Tuesday, September 14, 2010

Review: Selling to the Millennial Bride Workshop

I took the Selling to the Millennial Bride workshop in Houston, Texas. It is part of the Startup Strategy series. I paid for the workshop; an early-bird discount was in effect when I registered.

Website: Startup Strategy - registration through Fisheye Connect

Presenters: Jeff Jochum, Me Ra Koh

Date: September 10th, 2010 (Another one will take place in New York on October 14th, 2010)

Location: Hotel Zaza, Houston TX

Price: $199 (Early Bird Special was $149)

Included: 4 hours with Jeff Jochum, after dinner questions with Me Ra Koh.

Bonuses: Free year subscription to Smug Mug, access to Startup Strategy Forums.

What I Expected: Tips on selling to brides between the ages of 21-30 years old.

Expectation Met? Yes, and blown away.

Who This Workshop is For: Anyone in business, at any level. Information is geared to reach all.

Summary: I have met Jeff Jochum in the past, and heard about other's experiences working with him. I went into the workshop knowing that he is a straight-shooter, tell it like it is sort of guy. Seriously, if he thinks it he will say it. I've been watching his Startup Strategy account on Twitter since it first launched, so when I discovered he was doing a workshop in Houston 5 days before it took place, I checked it out. When I saw that it cost $150 with the early bird discount, I signed up immediately and told everyone I could think of.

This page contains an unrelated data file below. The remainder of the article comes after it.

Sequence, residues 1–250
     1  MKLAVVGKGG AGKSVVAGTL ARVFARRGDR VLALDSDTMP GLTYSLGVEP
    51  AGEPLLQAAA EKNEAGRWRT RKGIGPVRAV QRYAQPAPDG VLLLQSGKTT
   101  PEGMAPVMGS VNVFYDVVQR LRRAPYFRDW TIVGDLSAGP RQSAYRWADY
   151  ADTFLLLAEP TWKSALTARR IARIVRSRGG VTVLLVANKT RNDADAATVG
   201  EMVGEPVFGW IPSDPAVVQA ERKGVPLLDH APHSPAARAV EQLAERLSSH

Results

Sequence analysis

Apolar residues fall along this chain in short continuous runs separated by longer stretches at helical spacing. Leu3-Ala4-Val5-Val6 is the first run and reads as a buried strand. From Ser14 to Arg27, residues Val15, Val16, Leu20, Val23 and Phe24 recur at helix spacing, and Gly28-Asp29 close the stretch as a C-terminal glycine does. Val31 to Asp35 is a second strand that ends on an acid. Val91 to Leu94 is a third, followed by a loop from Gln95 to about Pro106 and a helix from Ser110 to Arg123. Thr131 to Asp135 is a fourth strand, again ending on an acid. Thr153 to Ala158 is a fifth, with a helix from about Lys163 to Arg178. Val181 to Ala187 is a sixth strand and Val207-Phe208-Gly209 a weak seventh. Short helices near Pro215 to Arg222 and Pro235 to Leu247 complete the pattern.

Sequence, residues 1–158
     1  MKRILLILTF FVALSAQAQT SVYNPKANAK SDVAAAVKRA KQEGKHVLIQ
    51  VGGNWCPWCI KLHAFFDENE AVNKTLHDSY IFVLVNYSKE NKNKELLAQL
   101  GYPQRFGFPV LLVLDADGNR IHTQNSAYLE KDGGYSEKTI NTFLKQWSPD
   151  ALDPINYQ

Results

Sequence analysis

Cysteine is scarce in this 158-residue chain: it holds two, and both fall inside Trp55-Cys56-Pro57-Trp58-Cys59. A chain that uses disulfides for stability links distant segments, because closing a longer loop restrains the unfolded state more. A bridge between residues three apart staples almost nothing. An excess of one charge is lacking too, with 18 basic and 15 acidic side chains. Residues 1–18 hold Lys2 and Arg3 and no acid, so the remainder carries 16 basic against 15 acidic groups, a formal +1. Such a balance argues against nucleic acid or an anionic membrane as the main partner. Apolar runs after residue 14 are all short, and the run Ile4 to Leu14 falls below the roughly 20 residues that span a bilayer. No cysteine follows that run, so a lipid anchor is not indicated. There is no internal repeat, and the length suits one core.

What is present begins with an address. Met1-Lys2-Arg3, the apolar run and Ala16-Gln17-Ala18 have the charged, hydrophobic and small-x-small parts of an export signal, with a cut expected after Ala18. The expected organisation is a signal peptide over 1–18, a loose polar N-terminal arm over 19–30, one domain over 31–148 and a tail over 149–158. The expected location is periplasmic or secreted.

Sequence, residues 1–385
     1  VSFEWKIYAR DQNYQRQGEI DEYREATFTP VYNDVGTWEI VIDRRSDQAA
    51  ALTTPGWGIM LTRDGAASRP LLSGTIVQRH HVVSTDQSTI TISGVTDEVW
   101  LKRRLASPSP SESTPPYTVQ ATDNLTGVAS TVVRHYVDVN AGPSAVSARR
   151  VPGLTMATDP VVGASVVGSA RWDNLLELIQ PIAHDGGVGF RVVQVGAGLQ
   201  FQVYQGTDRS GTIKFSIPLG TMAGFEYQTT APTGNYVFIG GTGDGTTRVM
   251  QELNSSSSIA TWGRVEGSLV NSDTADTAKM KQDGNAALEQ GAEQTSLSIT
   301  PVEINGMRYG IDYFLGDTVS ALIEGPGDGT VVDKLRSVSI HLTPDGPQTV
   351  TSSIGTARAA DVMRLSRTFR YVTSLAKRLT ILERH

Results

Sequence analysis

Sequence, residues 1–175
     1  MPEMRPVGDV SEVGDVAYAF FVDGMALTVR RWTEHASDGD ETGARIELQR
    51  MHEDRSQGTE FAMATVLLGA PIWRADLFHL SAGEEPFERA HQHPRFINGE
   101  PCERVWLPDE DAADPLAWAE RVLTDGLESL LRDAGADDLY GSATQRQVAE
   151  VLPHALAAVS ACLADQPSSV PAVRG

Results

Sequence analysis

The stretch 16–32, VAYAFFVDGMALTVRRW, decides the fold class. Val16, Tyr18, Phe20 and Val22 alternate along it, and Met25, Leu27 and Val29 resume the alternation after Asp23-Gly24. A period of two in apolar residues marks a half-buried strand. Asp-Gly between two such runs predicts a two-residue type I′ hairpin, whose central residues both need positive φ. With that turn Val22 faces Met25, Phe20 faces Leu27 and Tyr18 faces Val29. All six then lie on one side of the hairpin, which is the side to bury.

Jeff definitely rattled some people during the workshop. He said up front though that that was his goal. He shared a TON of information, starting with a high-level overview of tips on getting clear with your business. (He did mention that this was a topic of one of his other workshops, but it was only mentioned in passing and not a sales pitch to go to anything else.) He shared stories of his experiences with both Pictage & SmugMug. He talked about Goals and true goal planning, and how the words you use can impact your sales & your brand.

He spent a lot of time encouraging each of us to discover what was unique about ourselves. It was a very insightful discussion. He shared experiences about people that he has mentored in the past, and how their businesses grew.